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Tōhoku and Kantō Regions, Japan
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On March 11, 2011, a powerful earthquake struck the northeast coast of Japan. In the wake of the related catastrophic tsunami, many thousands lost their lives and millions lost electricity and water for a considerable period. (...)

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In October 2011, the East Japan Earthquake Heritage Sites were included on the 2012 World Monuments Watch. The following month, WMF and the Foundation for Cultural Heritage and Art Research launched Save Our Culture, an international effort to help cultural heritage sites affected by the earthquake and tsunami.

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The architectural heritage of the towns in this region is both a source of community pride and a driver of tourism that supports local economies. Before the devastating events of March 2011, Sawara’s historic townscape attracted more than 500,000 visitors a year, but tourism dropped to 60% of its previous levels in the earthquake’s wake. (...)

World Monuments FundWMF in Sawara, Japan
November, 2012

This seven-minute video, produced by the Ono River & Sawara Historic District Preservation Association, describes the history of Sawara, its economic rise and decline, and its development as a tourism destination. The video also covers the effects of the earthquake on the residents and commercial activities in the town, along with the inclusion of Sawara in the 2012 World Monuments Watch.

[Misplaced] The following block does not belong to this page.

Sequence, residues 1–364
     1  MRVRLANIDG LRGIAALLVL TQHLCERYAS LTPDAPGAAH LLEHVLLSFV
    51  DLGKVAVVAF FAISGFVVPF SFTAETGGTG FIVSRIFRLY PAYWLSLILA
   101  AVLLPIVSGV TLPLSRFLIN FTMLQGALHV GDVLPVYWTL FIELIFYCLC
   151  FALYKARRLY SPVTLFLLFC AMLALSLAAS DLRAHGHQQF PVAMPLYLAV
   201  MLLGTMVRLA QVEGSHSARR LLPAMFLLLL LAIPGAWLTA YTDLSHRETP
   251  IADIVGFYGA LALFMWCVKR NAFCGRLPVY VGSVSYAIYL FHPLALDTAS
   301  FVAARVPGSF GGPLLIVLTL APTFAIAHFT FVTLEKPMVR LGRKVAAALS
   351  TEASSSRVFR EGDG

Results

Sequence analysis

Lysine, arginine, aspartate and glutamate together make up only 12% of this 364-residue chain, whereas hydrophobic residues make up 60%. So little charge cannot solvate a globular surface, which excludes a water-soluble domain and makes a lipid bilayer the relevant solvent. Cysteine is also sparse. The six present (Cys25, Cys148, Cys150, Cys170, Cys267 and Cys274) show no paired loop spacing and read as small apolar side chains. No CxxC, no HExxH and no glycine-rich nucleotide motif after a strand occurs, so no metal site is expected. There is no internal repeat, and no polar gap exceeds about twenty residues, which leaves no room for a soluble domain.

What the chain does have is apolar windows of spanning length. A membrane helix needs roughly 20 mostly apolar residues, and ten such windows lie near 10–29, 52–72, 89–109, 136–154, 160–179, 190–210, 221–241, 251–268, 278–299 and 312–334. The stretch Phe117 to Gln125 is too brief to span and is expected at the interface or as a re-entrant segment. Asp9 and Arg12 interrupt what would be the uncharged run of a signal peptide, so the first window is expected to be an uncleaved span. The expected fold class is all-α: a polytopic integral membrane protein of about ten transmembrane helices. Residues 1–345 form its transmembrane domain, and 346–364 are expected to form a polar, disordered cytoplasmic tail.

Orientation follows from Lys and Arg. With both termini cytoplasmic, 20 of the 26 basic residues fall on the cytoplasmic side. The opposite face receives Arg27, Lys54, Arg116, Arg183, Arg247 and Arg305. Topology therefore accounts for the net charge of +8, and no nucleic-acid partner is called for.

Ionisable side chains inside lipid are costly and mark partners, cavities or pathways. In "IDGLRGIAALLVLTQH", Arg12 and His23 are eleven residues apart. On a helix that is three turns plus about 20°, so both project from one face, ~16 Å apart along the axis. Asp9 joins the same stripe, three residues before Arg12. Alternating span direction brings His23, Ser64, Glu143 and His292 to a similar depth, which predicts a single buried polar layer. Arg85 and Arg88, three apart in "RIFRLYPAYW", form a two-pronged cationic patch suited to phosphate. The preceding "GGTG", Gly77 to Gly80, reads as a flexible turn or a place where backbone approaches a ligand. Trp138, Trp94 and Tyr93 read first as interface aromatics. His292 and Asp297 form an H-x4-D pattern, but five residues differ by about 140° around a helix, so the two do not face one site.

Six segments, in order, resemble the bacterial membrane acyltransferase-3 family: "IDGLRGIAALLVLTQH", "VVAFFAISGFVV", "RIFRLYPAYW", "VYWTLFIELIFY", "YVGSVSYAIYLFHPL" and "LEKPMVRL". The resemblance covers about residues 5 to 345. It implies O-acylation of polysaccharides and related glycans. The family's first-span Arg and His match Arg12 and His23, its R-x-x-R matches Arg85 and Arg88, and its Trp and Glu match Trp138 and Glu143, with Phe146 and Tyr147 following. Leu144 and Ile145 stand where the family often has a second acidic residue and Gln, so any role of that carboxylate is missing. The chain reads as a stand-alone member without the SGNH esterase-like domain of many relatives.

2014 WATCH

The heritage sites that were affected by the Great East Japan Earthquake were included on the World Monuments Watch in 2012. Through the two-year Watch cycle, WMF provided substantial assistance for the restoration of nationally significant structures in two historic communities in the Tōhoku and Kantō regions. The East Japan Earthquake Heritage Sites are included again on the 2014 Watch to underscore the magnitude of the recovery effort and the continued need for collaboration, and to highlight the importance of this effort for the affected communities.

Download a 2014 Watch poster of this site (see download instructions).


World Monuments Watch Day

The town of Sawara celebrated Watch Day during the annual autumn festival, a centuries-old tradition. A parade of traditional floats from Sawara’s communities converged on the center of the town, amid traditional music and dances.

On YouTube: 2012 World Monument Watch Day in Sawara, Watch Day 2012 in Sawara – Part I, Watch Day 2012 in Sawara – Part II
Dig Deeper: Watch Day Slideshow , Watch Day Video


World Monuments Watch Day

Two towns in the Miyagi prefecture celebrated Watch Day in November 2014, attracting many. A variety of events including exhibitions, guided tours, and workshops for schoolchildren were held at six historic sites in the city of Kesennuma and at the eighteenth-century Tenyuji Temple in Ogatsu.

On Youtube: 2014 Watch Day at Tenyu-ji Temple
On Facebook: 2014 Watch Day Album